Obstetrics and Gynaecology are gradually becoming two distinct disciplines and many of us are now practicing only one or the other. There are however a number of areas where the gynaecological endoscopic surgeon wanders into the obstetric field. One such example is the use of technology, which is normally used for gynaecological procedures, for the treatment of twin-to-twin transfusion syndrome. In this issue of Facts, Views and Vision, Van der Veeken et al. (page 197) describe the use of fetoscopic laser coagulation of chorionic plate anastomoses for the treatment of twin-to-twin transfusion syndrome in monochorionic twins. The article describes that there is now high quality evidence confirming the efficacy and safety of this technique in increasing fetal survival and reducing paediatric neurological morbidity.
Another feature of the article by Van der Veeken et al. is that it incorporates a number of videos to support the written material. Inclusion of videos will now be a regular feature of Facts, Views and Vision; we have the necessary infrastructure to complement the articles with this visual aid. We will publish ‘video articles’ to describe techniques, instrumentation and interesting cases. The journal of a leading international endoscopic society would be unthinkable without this technology.
Endometriosis is often described as an enigmatic disease. The article by Koninckx et al. (page 209) offers an addition to the existing theories of its etiopathogenesis by exploring the association between genital infections and endometriosis. Contrary to the historical thinking, the uterine, tubal and peritoneal cavities are now thought to have their own microbial communities. The authors identified 31 articles which describe a link between infection and endometriosis. They postulate that alterations in upper genital microbiota could influence genetic/epigenetic events leading to development of endometriosis. They admit that there may be a publication bias in the literature, as studies with a negative outcome are less likely to be published. This review is likely to stimulate further debate in this field and hopefully lead to more structured research on the subject.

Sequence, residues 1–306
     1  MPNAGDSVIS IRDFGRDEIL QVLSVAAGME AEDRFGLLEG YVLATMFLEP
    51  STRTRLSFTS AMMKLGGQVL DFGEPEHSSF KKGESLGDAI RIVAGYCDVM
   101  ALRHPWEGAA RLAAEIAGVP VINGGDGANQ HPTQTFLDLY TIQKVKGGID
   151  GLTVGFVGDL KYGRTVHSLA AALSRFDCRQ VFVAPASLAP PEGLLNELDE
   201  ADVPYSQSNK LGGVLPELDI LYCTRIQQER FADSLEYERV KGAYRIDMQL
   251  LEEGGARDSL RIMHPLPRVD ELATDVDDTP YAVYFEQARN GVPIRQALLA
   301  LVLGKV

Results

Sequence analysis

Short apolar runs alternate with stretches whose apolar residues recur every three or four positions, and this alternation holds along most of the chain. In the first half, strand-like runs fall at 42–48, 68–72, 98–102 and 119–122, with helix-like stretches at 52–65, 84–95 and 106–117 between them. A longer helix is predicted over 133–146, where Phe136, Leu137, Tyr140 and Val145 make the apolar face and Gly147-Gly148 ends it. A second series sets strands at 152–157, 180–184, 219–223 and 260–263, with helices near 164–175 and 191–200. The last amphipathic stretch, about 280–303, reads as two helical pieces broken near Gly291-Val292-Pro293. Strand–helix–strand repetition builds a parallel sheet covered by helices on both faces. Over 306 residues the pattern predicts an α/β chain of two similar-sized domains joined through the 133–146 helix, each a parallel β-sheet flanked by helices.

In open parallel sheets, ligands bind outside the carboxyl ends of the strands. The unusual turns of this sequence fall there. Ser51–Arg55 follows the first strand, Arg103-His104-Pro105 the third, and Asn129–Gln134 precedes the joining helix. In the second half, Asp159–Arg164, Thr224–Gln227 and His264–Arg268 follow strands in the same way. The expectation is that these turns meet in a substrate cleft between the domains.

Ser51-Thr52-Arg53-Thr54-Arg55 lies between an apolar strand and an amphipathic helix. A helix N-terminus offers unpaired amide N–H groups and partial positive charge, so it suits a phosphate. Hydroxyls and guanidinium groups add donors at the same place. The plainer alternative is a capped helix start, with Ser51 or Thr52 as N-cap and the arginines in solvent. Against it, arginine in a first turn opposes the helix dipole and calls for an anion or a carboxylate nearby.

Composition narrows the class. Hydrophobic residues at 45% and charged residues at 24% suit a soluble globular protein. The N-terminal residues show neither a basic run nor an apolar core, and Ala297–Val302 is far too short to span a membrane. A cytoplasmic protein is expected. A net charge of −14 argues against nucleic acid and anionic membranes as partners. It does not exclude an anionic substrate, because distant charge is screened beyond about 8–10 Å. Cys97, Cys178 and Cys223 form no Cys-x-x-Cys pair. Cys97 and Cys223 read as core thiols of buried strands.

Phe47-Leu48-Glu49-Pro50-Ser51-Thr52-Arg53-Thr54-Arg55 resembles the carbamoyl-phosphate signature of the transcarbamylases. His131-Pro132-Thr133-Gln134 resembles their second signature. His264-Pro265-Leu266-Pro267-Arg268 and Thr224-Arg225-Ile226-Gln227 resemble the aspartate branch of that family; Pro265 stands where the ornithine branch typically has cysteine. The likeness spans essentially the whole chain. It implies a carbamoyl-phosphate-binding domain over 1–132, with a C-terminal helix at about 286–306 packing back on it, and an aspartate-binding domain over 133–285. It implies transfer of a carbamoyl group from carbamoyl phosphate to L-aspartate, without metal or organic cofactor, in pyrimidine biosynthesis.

The famous pioneer of gynaecological surgery Victor Bonney advised in early 20 th century that the uterine cavity should always be opened during abdominal myomectomy to avoid missing intracavitary fibroids. With availability of high resolution ultrasound and hysteroscopy, identifying submucosal fibroids is no longer a problem and laparoscopic myomectomy is the preferred option when abdominal fibroid removal is needed, except in those with high number of fibroids. Contrary to Bonney’s teaching, we now try to avoid opening the uterine cavity during abdominal myomectomies, presumably to reduce risk of intrauterine adhesion formation. Rajah et al. (page 229) explore the preoperative risk factors that may identify women who are more likely to have uterine cavity breach. They describe that the protrusion ratio, which is described as the proportion of fibroid protruding into the cavity at preoperative ultrasound examination, is the single best predictor of opening the cavity.
The new format Facts, Views and Vision: Journal of the European Society of Gynaecological Endoscopy has already attracted attention from the scientific community. I am confident that the current issue will enhance this interest further and stimulate research, innovation and evidence based practice in our field.
Ertan Saridogan, ESGE Editor